Implementing a Custom Change Data Capture System Part 1: Introduction

Bruce Hendry is a consultant in Slalom’s Technology Solutions group in Dallas, TX. Bruce is passionate about the Microsoft Business Intelligence stack and the .NET Framework and enjoys technology.

Coming up with a title proved to be one of the most difficult parts of beginning this posting. Implementing a Custom Change Data Capture System doesn’t really ‘capture’ what should be said. I recently found myself in a situation with a client where it was necessary to quickly implement update processes between a legacy transactional application and a new transactional system. “That’s nothing new”, you say–and you are right–except that it was late in the game, there was already an extract-transform-load (ETL) solution in place that was not architected to account for updates because it was never in the scope…until that day, and (here was the nut of the challenge) nothing reliable existed in the legacy application to capture changed data.

Our team designed and implemented a viable solution. I decided to document it in a series of postings for a few different reasons:

Firstly, I think it is viable, and I want to share it in the hopes that it might help some folks down the road.

Secondly, I am sure it has lots of room for improvement; I am curious to hear feedback, suggestions, etc. Trust me, you won’t hurt my feelings. I don’t claim to be an expert; I think good solutions are the end result of exactly this kind of process. This solution may get blown out of the water, proved irrelevant by the existence of a better solution, or evolved based on input from bright minds; either scenario is okay with me.

Lastly, I need something to blog about. This would be way too long to fit into one post, hence the series. I’m not sure exactly how it will break down in terms of number of articles, but I will try and segment them logically. I will keep the Table of Contents updated so interested parties can jump directly to content they deem relevant. This first posting won’t have much technical value. I want to describe what we were confronted with and how we came up with the solution. At this juncture, it seems like it should go something like this, but I am sure it will play out differently.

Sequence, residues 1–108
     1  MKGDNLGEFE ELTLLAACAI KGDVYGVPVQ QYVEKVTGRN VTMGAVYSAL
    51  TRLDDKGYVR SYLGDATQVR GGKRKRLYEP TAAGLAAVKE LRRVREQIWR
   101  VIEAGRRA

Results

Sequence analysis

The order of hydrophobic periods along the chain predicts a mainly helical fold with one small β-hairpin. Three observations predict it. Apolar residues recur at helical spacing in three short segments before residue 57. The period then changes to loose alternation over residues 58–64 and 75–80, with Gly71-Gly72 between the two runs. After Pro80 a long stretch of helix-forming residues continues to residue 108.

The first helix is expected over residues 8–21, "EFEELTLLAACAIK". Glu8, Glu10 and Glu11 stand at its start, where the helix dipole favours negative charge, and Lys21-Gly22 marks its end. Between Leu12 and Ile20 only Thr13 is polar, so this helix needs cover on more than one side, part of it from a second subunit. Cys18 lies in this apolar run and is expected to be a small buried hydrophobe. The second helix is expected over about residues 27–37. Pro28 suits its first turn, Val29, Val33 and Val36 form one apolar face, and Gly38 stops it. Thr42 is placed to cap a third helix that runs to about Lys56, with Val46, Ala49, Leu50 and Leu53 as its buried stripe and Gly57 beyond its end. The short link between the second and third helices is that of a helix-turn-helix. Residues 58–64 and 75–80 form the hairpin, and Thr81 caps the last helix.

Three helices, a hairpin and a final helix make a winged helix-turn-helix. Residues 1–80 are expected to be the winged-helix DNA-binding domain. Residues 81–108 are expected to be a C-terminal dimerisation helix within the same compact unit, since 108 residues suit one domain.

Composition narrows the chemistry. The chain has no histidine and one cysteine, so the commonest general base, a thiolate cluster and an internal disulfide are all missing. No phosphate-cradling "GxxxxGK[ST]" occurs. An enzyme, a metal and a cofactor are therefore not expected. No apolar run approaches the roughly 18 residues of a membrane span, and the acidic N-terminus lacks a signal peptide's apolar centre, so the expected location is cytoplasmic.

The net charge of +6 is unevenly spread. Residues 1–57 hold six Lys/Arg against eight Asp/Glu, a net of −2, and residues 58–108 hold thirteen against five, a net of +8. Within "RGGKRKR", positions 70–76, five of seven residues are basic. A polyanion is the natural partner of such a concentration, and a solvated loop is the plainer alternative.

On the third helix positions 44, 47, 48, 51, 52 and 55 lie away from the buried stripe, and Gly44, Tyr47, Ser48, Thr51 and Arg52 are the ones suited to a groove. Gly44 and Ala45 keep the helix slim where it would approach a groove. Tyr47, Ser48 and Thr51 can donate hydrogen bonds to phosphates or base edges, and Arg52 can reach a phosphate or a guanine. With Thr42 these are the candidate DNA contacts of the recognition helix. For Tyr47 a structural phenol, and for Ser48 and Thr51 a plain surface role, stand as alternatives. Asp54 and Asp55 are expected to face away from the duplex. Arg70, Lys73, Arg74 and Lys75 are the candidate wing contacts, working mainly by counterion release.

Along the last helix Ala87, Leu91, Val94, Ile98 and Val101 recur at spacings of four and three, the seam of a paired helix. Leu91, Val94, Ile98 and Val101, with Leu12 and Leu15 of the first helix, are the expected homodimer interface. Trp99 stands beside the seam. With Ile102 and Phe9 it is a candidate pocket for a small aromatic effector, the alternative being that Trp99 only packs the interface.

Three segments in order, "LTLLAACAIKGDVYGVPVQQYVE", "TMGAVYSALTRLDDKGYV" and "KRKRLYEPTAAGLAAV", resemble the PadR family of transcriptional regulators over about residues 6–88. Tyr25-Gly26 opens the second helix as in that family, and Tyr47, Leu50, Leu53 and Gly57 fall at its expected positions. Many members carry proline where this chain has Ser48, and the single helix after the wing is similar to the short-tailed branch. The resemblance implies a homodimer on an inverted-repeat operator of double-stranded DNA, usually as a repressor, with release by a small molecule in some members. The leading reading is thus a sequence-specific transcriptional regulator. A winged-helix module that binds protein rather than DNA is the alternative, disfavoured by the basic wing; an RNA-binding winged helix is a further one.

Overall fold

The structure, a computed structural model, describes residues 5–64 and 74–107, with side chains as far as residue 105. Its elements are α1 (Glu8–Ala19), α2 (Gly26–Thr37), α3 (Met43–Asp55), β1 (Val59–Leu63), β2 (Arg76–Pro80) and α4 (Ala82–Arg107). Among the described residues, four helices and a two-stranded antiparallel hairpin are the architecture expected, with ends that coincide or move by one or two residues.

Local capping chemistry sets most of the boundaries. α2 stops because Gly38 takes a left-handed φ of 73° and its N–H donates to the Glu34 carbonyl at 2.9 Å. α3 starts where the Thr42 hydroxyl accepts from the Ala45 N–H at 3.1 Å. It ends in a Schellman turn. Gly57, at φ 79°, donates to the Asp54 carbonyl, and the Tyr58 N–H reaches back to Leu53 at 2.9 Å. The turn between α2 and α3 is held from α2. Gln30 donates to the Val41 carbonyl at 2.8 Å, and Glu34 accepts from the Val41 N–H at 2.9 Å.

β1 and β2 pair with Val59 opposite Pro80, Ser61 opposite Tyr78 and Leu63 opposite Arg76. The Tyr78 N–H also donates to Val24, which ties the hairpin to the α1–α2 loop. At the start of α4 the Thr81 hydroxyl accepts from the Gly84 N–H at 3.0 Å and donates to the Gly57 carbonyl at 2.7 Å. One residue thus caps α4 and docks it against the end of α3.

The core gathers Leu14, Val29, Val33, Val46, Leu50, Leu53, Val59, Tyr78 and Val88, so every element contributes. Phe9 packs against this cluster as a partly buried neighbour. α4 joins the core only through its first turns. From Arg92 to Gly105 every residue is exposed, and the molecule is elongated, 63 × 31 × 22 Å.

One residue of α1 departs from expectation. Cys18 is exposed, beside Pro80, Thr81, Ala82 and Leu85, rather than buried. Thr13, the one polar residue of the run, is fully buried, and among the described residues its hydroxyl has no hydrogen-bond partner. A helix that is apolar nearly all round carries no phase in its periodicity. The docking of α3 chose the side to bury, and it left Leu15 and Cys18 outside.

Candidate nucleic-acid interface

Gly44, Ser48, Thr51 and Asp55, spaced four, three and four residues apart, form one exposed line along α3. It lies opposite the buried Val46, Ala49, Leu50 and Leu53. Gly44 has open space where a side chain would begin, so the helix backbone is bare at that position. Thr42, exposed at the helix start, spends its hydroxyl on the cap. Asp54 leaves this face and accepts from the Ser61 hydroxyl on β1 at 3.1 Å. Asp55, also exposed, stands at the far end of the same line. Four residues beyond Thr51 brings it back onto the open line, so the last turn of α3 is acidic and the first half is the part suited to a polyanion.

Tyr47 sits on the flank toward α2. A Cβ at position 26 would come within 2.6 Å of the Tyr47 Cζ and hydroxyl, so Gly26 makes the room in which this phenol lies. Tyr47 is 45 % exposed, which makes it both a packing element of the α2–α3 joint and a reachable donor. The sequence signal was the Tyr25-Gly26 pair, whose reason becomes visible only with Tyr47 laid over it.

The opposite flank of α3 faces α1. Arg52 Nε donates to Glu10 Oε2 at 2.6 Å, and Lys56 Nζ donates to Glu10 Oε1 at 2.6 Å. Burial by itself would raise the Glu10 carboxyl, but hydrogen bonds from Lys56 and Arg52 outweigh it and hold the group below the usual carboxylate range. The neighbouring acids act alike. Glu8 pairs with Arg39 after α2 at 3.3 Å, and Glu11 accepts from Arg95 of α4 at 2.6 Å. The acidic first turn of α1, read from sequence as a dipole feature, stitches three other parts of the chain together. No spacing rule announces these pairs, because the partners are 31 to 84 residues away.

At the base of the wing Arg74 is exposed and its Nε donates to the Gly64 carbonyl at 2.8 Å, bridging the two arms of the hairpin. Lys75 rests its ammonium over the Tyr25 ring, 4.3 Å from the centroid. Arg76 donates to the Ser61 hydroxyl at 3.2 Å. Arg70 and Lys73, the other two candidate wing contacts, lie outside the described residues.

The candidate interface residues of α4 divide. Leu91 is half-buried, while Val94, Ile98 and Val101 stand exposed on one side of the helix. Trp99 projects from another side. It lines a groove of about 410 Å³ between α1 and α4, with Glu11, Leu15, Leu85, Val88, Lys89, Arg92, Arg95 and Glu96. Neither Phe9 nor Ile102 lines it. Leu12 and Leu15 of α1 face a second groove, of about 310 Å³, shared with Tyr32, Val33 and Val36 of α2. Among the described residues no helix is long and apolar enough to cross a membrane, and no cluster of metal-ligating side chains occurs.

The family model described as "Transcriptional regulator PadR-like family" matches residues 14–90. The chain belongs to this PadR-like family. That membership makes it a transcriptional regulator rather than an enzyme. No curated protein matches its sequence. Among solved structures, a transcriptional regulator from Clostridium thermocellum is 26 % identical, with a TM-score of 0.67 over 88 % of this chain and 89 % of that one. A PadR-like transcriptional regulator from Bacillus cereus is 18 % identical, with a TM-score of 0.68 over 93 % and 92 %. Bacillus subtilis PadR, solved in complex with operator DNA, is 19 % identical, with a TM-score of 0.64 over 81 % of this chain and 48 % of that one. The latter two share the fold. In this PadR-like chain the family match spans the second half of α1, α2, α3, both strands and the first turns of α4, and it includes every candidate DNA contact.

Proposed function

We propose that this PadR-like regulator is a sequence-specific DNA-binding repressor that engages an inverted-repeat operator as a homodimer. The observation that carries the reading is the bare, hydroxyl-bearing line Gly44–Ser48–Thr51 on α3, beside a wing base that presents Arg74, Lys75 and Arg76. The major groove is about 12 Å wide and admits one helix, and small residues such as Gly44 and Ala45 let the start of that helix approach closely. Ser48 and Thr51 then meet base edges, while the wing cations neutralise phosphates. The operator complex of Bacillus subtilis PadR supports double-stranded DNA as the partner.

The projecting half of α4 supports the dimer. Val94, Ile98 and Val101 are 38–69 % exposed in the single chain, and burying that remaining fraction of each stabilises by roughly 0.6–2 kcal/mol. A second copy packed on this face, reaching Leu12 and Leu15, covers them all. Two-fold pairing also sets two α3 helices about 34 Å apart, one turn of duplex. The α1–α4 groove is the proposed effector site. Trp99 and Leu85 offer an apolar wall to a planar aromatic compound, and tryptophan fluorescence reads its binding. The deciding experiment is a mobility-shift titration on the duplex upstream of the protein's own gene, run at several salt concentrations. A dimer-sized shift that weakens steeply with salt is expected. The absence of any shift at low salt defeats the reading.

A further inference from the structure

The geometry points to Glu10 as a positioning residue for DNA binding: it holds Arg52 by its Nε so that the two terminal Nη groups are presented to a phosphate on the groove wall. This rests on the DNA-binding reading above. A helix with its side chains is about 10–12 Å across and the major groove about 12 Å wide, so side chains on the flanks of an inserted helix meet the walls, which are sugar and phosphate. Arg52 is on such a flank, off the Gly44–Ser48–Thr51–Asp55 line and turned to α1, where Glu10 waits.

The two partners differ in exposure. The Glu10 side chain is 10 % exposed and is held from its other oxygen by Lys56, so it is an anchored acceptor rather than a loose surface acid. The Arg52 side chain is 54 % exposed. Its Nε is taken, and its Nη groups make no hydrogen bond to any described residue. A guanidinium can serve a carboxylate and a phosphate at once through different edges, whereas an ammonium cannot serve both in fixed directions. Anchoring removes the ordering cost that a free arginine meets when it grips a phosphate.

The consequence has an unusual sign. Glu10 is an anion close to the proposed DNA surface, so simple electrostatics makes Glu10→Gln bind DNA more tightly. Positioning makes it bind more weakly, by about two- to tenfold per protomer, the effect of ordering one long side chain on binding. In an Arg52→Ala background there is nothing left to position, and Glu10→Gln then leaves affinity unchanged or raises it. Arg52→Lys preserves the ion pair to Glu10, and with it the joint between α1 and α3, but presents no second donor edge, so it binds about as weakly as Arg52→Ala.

• Part 1: Introduction: Gives an overview of the problem and how the team arrived at the solution I’m about to document, including the requirements and limitations that influenced our thinking
  • Part 2: Implementation of the solution, diving in to the details
  • Part 3: Summary and Closing Comments

Problems and Solutions
Without further ado, let’s lay the groundwork for this story. Please note that I have taken liberties with irrelevant facts to protect client data and simplify conveyance of the solution.

We’ll call the legacy application and its database Apollo (think beginning, starts with an A), and we’ll call the new application and its database Challenger (think successor, C comes after A). We’ll call the ETL solution…wait…ready for it…the ETL solution. The original plan (before it was known updates would be required) was for Challenger to come online in phases. Each phase would encompass migrating the entirety of an existing customer’s data. The ETL solution had been built with the understanding that there would be no updates to Apollo’s data for the given customer once their data had been migrated. A customer’s data would be cutover on a specific date and users would only access Apollo for reference purposes after that date. The ETL solution dealt solely with a complete migration (per customer) and was concerned only with loading new data into Challenger’s database. Updates had never been considered and were not accounted for whatsoever in the existing ETL processes.